Robin McAlpine from Common Weal talks about how the EU referendum has highlighted the limits of representative democracy. He considers how we can involve the public in decision making processes to bridge the gap.
The era of representative democracy as the only kind of democracy you're allowed is over. We would do well to recognise the fact and plan for something better rather than deny the fact and end up with something worse.
Representative democracy is a model which I'd argue reached its logical conclusion in the Blair years. At times New Labour was almost explicitly saying 'we know you don't care about how you're governed so why not let us take the problem off your hands and you can go shopping instead'.
Unfortunately, Blair longed to be a loved and trusted paternal figure in an era where an information revolution means we expect more than platitudes. As a result, paternal politics is failing everywhere.
In Scotland we went through this process pretty early with the independence referendum. There is much which happened which I find instructive when I think about government.
One of the quotes which I used a lot when talking at town hall meetings during the indyref was by US civil rights activist Oliver Wendel Holmes: “A man's mind, once stretched by a new idea, never regains its original dimensions.”
It turned out to be true. If people started out thinking their role didn't go beyond putting someone else's leaflets through someone else's door, it certainly didn't end up like that. People discovered they could design and indeed execute their own politics, locally and nationally.
No, not everyone became an activist, but many people who had never been activists before got involved. I know many of them who have stayed involved. Some of them are now MPs.
The point is that when people are exposed to opportunities to participate, and when those opportunities are real, they get used to it very quickly. Not only do they rise to the task, they often do a very good job of it indeed.
So what comes next? Well, there are very good reasons why representative democracy remains at the heart of our politics. But representative democracy must better understand its limitations, its boundaries Because what representative democracy has been doing is outsourcing far too much of its decision-making to private interests.
Mostly (not without exception, but mostly) it's not the big decisions made transparently and through debate in Westminster which get people angry. It's another secretive commission set up with vested interests and big money at its heart which writes policy without transparency and is enacted with little or no debate.
Its discovering that all that PFI secrecy was to hide the massive transfer of wealth from taxpayers to shady consortia of the already rich. It's seeing inquiries into government mistakes stuffed with establishment figures who let the politicians off the hook. It's knowing that when the government wants to know what it should do, it's never you it asks.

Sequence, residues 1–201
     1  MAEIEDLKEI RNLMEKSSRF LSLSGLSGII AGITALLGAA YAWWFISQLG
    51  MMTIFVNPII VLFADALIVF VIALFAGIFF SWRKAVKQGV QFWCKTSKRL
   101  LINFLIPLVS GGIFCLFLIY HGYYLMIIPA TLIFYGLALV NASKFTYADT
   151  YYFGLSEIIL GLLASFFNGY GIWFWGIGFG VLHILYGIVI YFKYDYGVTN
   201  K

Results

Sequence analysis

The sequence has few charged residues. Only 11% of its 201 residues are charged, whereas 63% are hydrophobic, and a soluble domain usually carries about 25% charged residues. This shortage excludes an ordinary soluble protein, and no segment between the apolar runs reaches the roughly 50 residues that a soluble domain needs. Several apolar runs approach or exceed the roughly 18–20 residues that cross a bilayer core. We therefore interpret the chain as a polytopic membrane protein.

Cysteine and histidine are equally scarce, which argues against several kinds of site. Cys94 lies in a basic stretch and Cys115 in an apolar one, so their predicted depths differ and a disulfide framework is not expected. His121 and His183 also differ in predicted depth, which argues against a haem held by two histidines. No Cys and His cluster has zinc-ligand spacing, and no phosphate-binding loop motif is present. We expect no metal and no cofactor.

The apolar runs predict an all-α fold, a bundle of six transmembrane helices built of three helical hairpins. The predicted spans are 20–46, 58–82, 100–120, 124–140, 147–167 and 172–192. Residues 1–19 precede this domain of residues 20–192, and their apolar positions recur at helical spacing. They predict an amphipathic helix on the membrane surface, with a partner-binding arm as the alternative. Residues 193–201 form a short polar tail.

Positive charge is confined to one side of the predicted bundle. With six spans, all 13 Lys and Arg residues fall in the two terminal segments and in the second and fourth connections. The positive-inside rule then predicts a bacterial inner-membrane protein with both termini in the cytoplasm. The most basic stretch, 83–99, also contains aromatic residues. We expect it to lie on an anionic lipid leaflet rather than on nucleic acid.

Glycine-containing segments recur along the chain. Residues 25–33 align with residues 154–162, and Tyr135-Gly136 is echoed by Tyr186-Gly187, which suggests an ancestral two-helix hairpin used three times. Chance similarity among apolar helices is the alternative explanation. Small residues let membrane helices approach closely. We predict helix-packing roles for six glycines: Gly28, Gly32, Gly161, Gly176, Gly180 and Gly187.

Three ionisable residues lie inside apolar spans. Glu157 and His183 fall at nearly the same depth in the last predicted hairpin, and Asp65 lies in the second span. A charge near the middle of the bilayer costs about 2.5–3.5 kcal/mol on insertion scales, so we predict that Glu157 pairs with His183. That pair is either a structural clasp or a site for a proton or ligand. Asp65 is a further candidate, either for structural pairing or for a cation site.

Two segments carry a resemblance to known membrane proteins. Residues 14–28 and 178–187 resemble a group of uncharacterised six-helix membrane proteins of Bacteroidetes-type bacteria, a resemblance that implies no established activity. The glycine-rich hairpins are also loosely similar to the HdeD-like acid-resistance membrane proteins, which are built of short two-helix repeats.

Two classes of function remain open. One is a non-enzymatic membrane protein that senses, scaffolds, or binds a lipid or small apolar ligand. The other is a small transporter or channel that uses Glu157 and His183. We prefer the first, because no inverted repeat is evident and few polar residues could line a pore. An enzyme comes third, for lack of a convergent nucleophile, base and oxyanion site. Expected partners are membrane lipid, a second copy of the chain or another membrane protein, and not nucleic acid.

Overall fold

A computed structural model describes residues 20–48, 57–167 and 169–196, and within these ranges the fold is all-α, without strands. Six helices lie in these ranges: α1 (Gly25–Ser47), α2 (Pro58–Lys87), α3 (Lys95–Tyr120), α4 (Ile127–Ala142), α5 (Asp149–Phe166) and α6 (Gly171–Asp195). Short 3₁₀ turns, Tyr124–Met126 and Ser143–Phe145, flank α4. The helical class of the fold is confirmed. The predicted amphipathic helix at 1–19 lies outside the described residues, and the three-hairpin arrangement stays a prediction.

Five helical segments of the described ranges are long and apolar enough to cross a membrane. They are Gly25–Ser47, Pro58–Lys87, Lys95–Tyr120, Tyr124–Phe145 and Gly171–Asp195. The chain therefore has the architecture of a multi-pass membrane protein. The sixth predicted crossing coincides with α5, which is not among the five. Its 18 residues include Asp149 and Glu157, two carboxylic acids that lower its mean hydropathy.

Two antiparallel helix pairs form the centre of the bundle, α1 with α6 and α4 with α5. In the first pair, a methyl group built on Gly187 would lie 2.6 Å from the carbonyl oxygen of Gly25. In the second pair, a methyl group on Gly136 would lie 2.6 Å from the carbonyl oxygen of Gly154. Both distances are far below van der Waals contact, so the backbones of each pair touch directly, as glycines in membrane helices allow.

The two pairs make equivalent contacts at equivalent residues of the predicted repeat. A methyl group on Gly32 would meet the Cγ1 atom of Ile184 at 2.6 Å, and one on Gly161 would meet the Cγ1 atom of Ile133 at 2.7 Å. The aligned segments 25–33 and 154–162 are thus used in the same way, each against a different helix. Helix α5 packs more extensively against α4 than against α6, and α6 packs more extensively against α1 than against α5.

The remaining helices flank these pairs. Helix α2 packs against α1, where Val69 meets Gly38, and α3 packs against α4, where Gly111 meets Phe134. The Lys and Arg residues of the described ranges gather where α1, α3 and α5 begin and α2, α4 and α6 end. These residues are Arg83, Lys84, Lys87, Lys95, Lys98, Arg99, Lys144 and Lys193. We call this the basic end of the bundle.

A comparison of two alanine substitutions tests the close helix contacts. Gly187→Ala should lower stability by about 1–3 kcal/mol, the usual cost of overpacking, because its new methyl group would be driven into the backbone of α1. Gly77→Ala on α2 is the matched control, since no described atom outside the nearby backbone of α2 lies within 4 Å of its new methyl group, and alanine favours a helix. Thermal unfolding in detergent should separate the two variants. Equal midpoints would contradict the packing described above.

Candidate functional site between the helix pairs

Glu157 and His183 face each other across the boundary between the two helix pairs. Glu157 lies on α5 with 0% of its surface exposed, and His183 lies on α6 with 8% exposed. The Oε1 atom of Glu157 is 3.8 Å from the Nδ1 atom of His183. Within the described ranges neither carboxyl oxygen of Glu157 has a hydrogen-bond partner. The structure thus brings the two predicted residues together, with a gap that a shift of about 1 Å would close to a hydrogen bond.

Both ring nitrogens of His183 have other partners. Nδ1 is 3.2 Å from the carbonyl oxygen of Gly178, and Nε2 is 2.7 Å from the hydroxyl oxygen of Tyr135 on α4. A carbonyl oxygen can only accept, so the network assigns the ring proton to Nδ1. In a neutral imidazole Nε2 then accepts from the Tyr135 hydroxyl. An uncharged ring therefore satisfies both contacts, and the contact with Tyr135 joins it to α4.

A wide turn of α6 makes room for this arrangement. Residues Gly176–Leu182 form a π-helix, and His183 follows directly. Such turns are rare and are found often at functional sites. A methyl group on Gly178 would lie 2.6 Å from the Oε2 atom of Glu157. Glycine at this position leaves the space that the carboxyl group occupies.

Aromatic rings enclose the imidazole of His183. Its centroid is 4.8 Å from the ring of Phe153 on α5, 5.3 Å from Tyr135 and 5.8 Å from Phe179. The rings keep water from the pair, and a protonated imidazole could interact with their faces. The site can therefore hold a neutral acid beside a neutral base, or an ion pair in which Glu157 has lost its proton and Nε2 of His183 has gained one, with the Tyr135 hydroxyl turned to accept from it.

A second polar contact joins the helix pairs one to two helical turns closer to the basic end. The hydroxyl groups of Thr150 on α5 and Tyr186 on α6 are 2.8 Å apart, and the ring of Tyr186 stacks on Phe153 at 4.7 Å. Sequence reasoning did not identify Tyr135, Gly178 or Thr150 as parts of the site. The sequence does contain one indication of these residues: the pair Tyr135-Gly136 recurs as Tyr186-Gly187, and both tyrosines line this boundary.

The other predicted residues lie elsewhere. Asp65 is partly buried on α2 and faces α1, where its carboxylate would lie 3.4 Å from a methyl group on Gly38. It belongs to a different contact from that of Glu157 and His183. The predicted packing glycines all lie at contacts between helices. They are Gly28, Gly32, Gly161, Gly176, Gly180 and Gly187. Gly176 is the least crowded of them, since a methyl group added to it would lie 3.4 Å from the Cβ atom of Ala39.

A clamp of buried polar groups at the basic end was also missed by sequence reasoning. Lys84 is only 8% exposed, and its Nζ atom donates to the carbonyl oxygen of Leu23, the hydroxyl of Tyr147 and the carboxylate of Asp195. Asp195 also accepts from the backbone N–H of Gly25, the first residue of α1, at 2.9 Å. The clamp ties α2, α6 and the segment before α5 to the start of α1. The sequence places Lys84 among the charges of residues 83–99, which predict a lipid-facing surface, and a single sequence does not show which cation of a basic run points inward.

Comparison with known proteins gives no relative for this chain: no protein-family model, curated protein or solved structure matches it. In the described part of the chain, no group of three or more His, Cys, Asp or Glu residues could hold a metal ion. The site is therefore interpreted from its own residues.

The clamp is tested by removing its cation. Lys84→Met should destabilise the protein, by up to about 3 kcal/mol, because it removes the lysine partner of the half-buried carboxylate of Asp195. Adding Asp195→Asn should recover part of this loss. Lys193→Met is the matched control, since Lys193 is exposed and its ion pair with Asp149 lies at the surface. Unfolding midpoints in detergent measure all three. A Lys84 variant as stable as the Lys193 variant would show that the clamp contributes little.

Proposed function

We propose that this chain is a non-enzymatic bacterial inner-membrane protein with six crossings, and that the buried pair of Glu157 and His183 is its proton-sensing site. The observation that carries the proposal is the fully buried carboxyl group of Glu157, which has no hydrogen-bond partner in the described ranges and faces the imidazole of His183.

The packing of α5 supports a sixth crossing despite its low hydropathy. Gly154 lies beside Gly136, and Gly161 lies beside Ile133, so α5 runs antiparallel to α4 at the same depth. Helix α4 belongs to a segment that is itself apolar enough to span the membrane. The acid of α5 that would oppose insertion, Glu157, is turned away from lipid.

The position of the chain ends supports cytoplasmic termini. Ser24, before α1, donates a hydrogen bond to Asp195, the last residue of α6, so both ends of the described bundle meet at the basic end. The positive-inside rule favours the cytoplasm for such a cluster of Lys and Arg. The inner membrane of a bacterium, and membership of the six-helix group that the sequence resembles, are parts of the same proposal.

Blair perfected the practice of drawing the borders of representative democracy remarkably tightly round his own sofa and filling the space beyond with vested interests. That the financial crash of 2008 still isn't seen as a failure in democracy by the media and the political class is, to my mind, inseparable from why we got Brexit.
So if Brexit isn't a shining example of great decision-making when representative democracy can't deal with an issue, what do we do? I know that other writers in this series will discuss deliberative and participatory democracy practices. At Common Weal we're working on policies ranging from a citizens' assembly to form a second 'chamber' for our parliament to independent consultation units which consult openly at an early stage to various forms of mini-public and deliberative polls to localised forums for people to set agendas and raise their own issues.
What is important isn't that these possibilities exist – a visionary government could use them right now. What is important is that they should be built into the fabric of democracy. When government feels that the limits of representative democracy have been reached, where it needs advice and guidance beyond what it can find in its parliaments and committees, it should be obliged to go to the public, not the vested interests.
Unless there is a very, very good reason, the advice that government receives should reflect the balanced opinion of a representative group of the population as a whole which has had time and resource to hear evidence from every side of an issue, including but not limited to vested interests and experts.
That would be the next phase in our democracy – informed government by the people when the limits of representative democracy are reached. It would create a politics which reflected the informed interests of citizens and did not default to giving the rich and powerful whatever they want.
Some people think participatory democracy is just the latest liberal fad, some say it couldn't work. What they actually fear or fail to see is that this could be the biggest revolution in our democracy since the universal franchise.
So, if you ever feel that we're in some kind of a dire, inexplicable, endless mess and you're wondering who could get us out of it, spare a moment to consider that our saviours might well be us ourselves. If only we had a democracy that gave a damn about what we thought.
This post represents the views of the author and not those of Unlock Democracy